The choice of New Mexico as the home of this project is auspicious. Neshat chose it because of its diverse population: comprised of white Americans as well as African-American communities, a large Hispanic immigrant community, and Native American reservations. The location also offered sublime desert landscapes, ones that felt similar to the artist’s native Iran. The topology of the land plays an important role, serving as a backdrop to the surreal narrative we are watching and making it all the more dazzling, while also providing an eerie and unsettling atmosphere, forcing the viewer to question the narrative of the film.

Shirin Neshat, <em>Land of Dreams</em>, 2019. © Shirin Neshat. Courtesy the artist and Gladstone Gallery, New York and Brussels.
Shirin Neshat, Land of Dreams, 2019. © Shirin Neshat. Courtesy the artist and Gladstone Gallery, New York and Brussels.

The two-channel film installation at Gladstone runs alongside more than 100 portraits—embellished with illustrations and Farsi script detailing some of the subjects’ names and dreams. Similarly to Simin, Neshat went door-to-door and photographed people, asking them to recount the last dream they remembered. This resulted in an expansive study and presentation of New Mexico’s diverse racial and economic landscape—creating a portrait of what America looks like today. Combining Neshat’s unique artistic language with her documentary approach to portraiture, Land of Dreams is a surreal yet realistic lens into contemporary American culture during the Trump era.

Neshat is no stranger to finding herself in the narratives of her protagonists. In her film Looking for Oum Kulthum (2017), made in collaboration with Shoja Azari, Neshat explores her own plight as an Iranian woman artist and filmmaker living in exile while capturing the extraordinary life of the legendary Egyptian singer. Though their journeys were different, the film brings both artists together through the sacrifices and struggles women artists face, and the price they have to pay when daring to exist outside of the confines of male-dominated societies. Similarly, the experience of Simin may be based on that of Neshat’s. When the art student/spy undergoes the process of collecting people’s dreams and nightmares—ones that revolve around displacement, fear of violence, and abandonment—the protagonist begins to realize that some of these nightmares and dreams are similar to her own anxieties as a displaced person. This gets to the heart of one of the most important messages in this show: our dreams, nightmares, and anxieties are similar. They’re human, no matter the land or the nationality. But Land of Dreams is also a political satire revealing how citizens become victims of powerful regimes and systems of power.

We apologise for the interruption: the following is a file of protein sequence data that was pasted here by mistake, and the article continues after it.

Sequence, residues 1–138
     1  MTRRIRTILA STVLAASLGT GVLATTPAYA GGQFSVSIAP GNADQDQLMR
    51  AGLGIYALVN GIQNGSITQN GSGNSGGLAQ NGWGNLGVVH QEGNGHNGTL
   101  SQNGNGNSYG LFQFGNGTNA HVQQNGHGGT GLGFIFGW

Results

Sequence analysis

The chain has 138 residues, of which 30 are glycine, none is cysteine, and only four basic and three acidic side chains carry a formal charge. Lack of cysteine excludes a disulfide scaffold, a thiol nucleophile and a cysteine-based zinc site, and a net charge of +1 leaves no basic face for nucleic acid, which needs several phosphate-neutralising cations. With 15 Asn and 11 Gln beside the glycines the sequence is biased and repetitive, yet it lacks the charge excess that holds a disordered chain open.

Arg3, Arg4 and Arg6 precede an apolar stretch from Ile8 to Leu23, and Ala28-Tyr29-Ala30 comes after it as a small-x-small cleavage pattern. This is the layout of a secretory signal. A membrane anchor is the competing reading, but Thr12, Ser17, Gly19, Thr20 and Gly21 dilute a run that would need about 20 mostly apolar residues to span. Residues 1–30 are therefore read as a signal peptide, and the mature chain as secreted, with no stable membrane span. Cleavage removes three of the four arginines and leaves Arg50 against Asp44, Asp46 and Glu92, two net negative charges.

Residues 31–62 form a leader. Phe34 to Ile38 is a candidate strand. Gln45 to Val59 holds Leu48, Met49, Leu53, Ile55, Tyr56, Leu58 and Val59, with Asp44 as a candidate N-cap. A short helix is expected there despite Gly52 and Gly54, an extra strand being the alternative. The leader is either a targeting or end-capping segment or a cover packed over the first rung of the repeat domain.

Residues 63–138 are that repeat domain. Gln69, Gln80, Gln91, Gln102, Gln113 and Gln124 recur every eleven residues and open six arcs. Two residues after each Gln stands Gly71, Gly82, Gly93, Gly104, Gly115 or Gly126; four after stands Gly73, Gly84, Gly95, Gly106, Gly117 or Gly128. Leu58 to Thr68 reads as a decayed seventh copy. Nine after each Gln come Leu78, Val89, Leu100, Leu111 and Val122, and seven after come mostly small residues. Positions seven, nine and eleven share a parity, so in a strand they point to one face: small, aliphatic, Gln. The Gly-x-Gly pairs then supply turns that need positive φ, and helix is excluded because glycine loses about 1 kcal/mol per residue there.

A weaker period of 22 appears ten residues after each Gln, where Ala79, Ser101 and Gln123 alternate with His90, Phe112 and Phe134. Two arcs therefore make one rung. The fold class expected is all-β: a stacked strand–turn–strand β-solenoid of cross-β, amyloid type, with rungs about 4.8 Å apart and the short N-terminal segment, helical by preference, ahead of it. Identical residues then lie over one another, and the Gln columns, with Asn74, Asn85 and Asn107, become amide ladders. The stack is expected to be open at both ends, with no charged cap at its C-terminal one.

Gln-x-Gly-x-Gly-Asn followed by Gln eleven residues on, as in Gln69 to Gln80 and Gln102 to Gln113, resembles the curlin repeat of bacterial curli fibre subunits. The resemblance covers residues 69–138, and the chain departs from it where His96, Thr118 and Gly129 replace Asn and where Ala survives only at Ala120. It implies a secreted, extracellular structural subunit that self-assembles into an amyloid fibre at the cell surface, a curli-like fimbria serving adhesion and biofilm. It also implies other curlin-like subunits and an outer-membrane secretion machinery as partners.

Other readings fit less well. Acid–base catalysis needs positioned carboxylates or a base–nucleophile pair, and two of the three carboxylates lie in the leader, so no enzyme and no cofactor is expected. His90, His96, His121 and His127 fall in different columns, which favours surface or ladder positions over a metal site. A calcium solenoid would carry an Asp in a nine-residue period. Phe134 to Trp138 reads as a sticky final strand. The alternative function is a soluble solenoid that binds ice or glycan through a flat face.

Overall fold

Contributor

Sahar Khraibani

Sahar Khraibani is a writer and artist based in Brooklyn. She is interested in the intersection between language, visual production, and geopolitics. Her writing and work have appeared in The Brooklyn Rail, Hyperallergic, TERSE Journal, Bidayat Mag, Sukoon Mag, Degree Critical, Durian Days, Nightboat Books, and Full Stop, among others. She currently serves as faculty at Pratt Institute.

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The Brooklyn Rail

MARCH 2021